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Evaluation of Multiple Sleep-Related Parameters in Patients with Obstructive Sleep Apnea in Different Age Ranges | OMICS International
ISSN: 2167-0277
Journal of Sleep Disorders & Therapy
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Evaluation of Multiple Sleep-Related Parameters in Patients with Obstructive Sleep Apnea in Different Age Ranges

Gilbert Seda1*, Carolyn H Welsh2, Massoud Daheshia1, John Perri1 and David Bradshaw1
1Department of Pulmonary and Critical Care Medicine, Naval Medical Center San Diego, San Diego, CA 92134, USA
2Denver Veterans Affairs Medical Center, Denver, Colorado, USA
Corresponding Author : Gilbert Seda
Department of Pulmonary and Critical Care Medicine
Naval Medical Center San Diego, San Diego, CA 92134, USA
E-mail: [email protected]
Received August 25, 2013; Accepted September 13, 2013; Published September 17 2013
Citation: Seda G, Welsh CH, Daheshia M, Perri J, Bradshaw D (2013) Evaluation of Multiple Sleep-Related Parameters in Patients with Obstructive Sleep Apnea in Different Age Ranges. J Sleep Disord Ther 2:140. doi:10.4172/2167-0277.1000140
Copyright: © 2013 Seda G, et al. This is an open-access article distributed under the terms of the Creative Commons Attribution License, which permits unrestricted use, distribution, and reproduction in any medium, provided the original author and source are credited.

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Purpose: No age-based comparative studies have investigated clinical and polysomnographic manifestations of adults with Obstructive Sleep Apnea (OSA).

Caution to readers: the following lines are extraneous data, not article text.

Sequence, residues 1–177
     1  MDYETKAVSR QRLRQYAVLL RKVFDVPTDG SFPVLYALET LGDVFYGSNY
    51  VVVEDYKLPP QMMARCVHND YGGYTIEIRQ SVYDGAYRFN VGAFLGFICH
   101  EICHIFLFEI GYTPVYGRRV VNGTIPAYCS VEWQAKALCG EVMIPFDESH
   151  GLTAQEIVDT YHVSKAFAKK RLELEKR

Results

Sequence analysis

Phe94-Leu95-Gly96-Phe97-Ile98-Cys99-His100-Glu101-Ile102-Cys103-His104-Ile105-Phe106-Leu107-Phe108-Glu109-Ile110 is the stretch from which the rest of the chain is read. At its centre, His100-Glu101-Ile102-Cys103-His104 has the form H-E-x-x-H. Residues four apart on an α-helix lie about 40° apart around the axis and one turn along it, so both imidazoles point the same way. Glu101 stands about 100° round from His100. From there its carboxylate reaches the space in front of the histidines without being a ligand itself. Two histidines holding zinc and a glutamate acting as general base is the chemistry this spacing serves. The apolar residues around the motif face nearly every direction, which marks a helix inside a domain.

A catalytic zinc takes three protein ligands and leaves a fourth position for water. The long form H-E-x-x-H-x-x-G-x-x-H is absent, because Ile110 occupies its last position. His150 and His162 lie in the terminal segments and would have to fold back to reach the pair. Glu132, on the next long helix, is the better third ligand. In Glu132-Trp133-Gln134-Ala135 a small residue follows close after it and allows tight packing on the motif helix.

Methods: Retrospective record review of 570 patients with OSA at Naval Medical Center San Diego. Patients were divided into one of four age cohorts: (1) ages 18-29 (n=209); (2) ages 30-39 (n=106); (3) ages 40-49 (n=102); and (4) ages > 50 (n=153). Group comparisons of demographics, Epworth Sleepiness Scale (ESS), Patient Sleep Questionnaire (PSQ), and polysomnography were analyzed.

Results: Patients, ages 18-29 reported more witnessed apneas, Excessive Daytime Sleepiness (EDS), and had higher respiratory related arousal indexes (p=0.018) compared to patients over 30 years old. Patients 50 years and older reported more nocturia (p=0.001), less snoring, and had higher Rapid Eye Movement (REM)-related apneas (p=0.008), and more severe oximetry desaturations than patients less than 50 years old (p=0.001 - 0.004). Age groups were similar with respect to Body Mass Index (BMI), self-reported sleep-related driving impairment, Apnea Hypopnea Index (AHI), non-REM (NREM) AHI, and total obstructive and central apneas.

Conclusions: Snoring, EDS, nocturia, arousal index, and lowest oxygen saturation most significantly differentiated OSA across different age groups of patients with OSA.

Obstructive sleep apnea; Sleep-disordered breathing; Older adults; Young adults; Polysomnogram; Epworth sleepiness scale; Age; Apnea hypopnea index